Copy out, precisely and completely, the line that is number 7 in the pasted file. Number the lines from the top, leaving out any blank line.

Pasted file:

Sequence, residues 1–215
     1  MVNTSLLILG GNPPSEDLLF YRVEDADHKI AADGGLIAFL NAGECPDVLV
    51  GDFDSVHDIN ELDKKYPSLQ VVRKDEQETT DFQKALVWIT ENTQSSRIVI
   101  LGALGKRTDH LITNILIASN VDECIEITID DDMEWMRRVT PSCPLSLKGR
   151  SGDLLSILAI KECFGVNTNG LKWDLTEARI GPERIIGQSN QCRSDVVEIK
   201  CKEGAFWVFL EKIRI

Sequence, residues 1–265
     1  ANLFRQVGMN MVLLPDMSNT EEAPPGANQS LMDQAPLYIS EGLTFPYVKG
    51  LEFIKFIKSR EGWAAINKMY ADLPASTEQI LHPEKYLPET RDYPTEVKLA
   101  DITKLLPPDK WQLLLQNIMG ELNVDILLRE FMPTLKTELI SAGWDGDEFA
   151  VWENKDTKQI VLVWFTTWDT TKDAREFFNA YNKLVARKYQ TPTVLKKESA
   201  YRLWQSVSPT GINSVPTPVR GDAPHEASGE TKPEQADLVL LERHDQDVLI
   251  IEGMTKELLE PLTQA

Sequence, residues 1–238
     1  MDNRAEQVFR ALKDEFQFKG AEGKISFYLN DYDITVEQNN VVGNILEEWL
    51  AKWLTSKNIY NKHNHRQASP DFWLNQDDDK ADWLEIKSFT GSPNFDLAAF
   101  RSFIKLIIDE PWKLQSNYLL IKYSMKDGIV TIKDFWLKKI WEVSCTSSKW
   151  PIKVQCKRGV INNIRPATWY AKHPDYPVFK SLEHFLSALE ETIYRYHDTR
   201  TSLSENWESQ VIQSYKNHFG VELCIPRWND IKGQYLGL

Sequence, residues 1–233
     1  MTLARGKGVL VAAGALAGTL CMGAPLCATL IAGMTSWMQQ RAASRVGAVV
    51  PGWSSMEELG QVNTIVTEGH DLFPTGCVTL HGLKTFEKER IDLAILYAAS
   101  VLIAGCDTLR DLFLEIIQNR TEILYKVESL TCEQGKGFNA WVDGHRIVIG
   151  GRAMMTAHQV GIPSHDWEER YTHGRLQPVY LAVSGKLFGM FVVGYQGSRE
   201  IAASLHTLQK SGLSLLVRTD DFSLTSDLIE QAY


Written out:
Sequence, residues 1–265